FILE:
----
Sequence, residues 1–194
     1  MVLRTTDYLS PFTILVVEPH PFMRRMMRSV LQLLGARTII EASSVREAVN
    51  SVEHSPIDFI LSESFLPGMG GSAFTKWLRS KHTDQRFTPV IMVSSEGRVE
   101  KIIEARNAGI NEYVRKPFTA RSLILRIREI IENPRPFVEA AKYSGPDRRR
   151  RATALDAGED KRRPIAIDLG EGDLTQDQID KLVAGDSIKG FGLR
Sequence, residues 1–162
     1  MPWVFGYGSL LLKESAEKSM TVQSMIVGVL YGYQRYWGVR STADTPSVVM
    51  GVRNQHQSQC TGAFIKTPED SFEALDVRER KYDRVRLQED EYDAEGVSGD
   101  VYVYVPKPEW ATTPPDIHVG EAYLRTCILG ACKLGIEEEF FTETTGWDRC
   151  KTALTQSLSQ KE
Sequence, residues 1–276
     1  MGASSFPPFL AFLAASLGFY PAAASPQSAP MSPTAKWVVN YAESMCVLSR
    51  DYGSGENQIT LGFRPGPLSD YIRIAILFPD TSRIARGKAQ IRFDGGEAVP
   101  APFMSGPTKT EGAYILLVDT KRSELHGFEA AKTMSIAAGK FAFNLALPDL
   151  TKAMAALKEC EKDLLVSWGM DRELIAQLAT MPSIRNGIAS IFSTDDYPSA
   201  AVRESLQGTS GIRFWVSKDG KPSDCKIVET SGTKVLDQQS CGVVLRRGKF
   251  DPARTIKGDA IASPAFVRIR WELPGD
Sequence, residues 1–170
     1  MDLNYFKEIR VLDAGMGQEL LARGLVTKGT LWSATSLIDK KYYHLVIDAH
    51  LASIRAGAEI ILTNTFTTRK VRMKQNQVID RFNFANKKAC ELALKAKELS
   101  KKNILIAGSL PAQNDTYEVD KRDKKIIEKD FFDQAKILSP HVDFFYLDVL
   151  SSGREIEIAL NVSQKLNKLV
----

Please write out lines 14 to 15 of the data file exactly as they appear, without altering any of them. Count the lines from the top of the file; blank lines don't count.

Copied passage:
   101  APFMSGPTKT EGAYILLVDT KRSELHGFEA AKTMSIAAGK FAFNLALPDL
   151  TKAMAALKEC EKDLLVSWGM DRELIAQLAT MPSIRNGIAS IFSTDDYPSA